Private schools add £16.5bn to economy and £5.1billion in tax: report

Private schools add £16.5bn to the economy and £5.1billion in tax contributions, analysis shows

  • Economic footprint estimated as same size of Belfast based on annual tax
  • Labour wants to scrap schools’ charitable status, leading to fears of closures
  • Move could put up to 200 sites at risk of going out of business if families leave

Private schools contribute an annual £16.5billion to the economy and provide as many jobs as Asda, Sainsbury’s and Co-op combined, according to a report out this week.

It estimates the economic footprint as the same as a city the size of Belfast, with £5.1billion of tax contributed a year – enough to fund 150,000 nurses.

The report from the Independent Schools Council comes amid fears that hundreds of independent institutions could close under Labour plans to put VAT on fees.

Labour confirmed at the weekend that Keir Starmer would retain Jeremy Corbyn’s policy of scrapping private schools’ charitable status, which exempts them from the tax.

Pupils make their way to class at Harrow School, an independent school for boys situated in the town of Harrow, in north-west London, on September 16, 2015

The move would put up to 200 sites at risk of going out of business because of families being priced out and leaving.

Yesterday the ISC said many were small regional schools with big contributions to local economies.

The £16.5billion economic footprint of the whole sector has increased by a fifth in just four years, while the amount of tax revenue it generates has risen by a quarter.

The saving to the Treasury by providing places for pupils who could otherwise be expected to take up a place in the state-funded sector is an estimated £4.4billion – a 25 per cent rise since 2018.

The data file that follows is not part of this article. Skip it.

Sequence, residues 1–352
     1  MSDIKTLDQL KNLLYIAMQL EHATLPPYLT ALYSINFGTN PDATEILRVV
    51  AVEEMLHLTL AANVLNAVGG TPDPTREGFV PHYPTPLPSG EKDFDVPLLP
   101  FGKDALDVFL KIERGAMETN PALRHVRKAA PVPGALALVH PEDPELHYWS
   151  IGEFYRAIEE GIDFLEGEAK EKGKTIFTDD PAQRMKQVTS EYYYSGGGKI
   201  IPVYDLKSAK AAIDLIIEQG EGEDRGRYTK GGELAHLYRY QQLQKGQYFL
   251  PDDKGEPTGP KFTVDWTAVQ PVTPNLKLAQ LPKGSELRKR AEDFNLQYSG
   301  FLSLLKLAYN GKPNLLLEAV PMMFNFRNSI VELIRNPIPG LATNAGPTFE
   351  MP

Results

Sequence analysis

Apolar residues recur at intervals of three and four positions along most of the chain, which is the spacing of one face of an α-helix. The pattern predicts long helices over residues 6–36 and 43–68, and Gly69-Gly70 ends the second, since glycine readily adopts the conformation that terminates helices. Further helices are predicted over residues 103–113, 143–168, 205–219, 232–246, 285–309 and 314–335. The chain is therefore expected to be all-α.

This is enough to fund the annual state pension of more than 630,000 retired people, the ISC said. 

In addition, the total number of jobs supported by the sector is now more than 328,000.

The analysis comes amid a growing row over Labour’s position.

Yesterday, former Tory leader William Hague told Times Radio it would ‘deliberately damage very good schools’, adding: ‘A lot of private schools seem to do a wonderful job, not only in the level of education but also in the access they give people from less well-off backgrounds, bursaries and so on. Ending charitable status and putting VAT on them is a vindictive policy.’

Lord William Hague makes a speech during the meeting of the United for Wildlife Taskforces at St James Palace on January 21, 2020 in London

Barnaby Lenon, former headmaster of Harrow and now chairman of the ISC, said bursary programmes could be damaged – although that was a ‘worst-case scenario’ that they would seek to avoid.

Labour claims forcing private schools to pay more tax would raise £1.71billion for the Treasury.

Bridget Phillipson, Labour’s education spokesman, said: ‘I’ll never criticise parents for making the choice to send their child to private school, but we cannot justify tax breaks which could deliver so much.

‘We have pledged to invest the money that raises, £1.7billion, in delivering a brilliant state education for every child.’

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